In a Paris Review interview, Philip Larkin talks about meeting T.S. Eliot in the offices of the publisher, Faber and Faber. Larkin, not a Faber author at the time (he became one when Faber published The Whitsun Weddings in 1964), refers to the old offices of the publisher at 24 Russell Square in London as “that magic address!”
Larkin — arguably England’s greatest post-war poet and someone who had once said that he was intimidated by Faber’s exacting standards — gave the interview in 1982 when he was at the height of his fame, eight years after the publication of High Windows, his most memorable work. And yet, even then, the magic and the allure of Faber seemed to hold him in thrall.
It has been a bit like that with writers and readers all over the English-speaking world for decades now. It’s hard to pin down exactly what evokes that response, but the enchantment has held good. It could be that Faber, a proud independent publisher in a market dominated by giant conglomerates, continues to back its hunches and produce quality, quirky, daring and original work, letting its commercial successes bankroll the risk-taking to which most publishers are becoming increasingly averse.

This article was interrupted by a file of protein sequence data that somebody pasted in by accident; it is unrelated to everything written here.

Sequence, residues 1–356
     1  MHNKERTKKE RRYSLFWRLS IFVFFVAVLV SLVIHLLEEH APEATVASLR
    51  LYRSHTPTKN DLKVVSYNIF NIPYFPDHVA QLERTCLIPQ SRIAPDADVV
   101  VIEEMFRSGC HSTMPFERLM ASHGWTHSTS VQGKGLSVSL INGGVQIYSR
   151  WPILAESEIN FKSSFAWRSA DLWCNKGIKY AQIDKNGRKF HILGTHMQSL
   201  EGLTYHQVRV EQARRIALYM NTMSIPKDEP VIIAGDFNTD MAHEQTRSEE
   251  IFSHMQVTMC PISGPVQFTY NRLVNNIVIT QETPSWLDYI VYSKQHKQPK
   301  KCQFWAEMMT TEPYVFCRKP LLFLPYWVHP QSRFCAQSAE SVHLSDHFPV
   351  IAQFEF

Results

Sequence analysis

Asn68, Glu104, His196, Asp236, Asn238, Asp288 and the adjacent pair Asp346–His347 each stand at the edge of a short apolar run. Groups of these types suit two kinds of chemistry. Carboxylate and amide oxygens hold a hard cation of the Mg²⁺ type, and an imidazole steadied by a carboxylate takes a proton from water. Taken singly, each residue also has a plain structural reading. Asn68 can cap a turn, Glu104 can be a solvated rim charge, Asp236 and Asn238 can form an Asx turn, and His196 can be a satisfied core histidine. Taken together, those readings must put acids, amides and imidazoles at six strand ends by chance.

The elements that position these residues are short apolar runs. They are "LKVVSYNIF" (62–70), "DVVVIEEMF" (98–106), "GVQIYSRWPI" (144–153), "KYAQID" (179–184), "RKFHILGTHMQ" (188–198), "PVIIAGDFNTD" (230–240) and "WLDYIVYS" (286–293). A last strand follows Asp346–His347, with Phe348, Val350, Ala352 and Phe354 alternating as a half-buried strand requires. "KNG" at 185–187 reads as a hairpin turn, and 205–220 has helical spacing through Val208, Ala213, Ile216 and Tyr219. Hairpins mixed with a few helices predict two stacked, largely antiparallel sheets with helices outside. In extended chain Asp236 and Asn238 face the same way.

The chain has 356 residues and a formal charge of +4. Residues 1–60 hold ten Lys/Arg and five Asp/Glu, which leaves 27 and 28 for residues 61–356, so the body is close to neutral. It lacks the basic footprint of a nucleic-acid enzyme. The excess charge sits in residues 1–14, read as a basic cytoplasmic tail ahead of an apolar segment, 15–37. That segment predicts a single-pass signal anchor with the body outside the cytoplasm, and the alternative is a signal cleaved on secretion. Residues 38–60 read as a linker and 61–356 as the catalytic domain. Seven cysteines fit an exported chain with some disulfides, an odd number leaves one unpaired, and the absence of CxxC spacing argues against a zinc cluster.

It could be the stories of its origin, of how Eliot built its list and brought on board an array of literary superstars (or brought on board an array of writers who later turned into literary superstars), of finding and nurturing talent from W.H. Auden to Milan Kundera to Kazuo Ishiguro to Hanif Kureishi. It could be something about its ff logo, a visual mnemonic that translates into a watermark of quality and success.
The last, of course, is not entirely true, because Faber does publish duds, as any publisher would. It is worried, like any publisher in the time of the credit crunch, about its bottom line. (Stephen Page, its current chief executive and publisher, has a background in sales and marketing.)
But the point is that the cachet — and the perception — endures. You can sort of see why when you look at its first offerings on its 80th anniversary. (More are forthcoming as the year-long celebration continues.)
Faber Poetry Classics (each available for Rs 350) showcases, with special anniversary covers and (mostly) fresh introductions, selections from Eliot, W.H. Auden, Ted Hughes, Sylvia Plath, John Betjeman and W.B. Yeats.
Then there is a box set of debut novels, reissued as Faber Firsts with new, beautiful covers. It is an impressive list: Cover Her Face by P.D. James; The New York Trilogy by Paul Auster; The Buddha of Suburbia by Hanif Kureishi; The Bell Jar by Sylvia Plath; Lord of the Flies by William Golding; The White Castle by Orhan Pamuk; A Pale View of Hills by Kazuo Ishiguro; Such a Long Journey by Rohinton Mistry.
I have most of the titles, but looking at the covers, I’d buy several of them again. At Rs 250 each, it is a steal.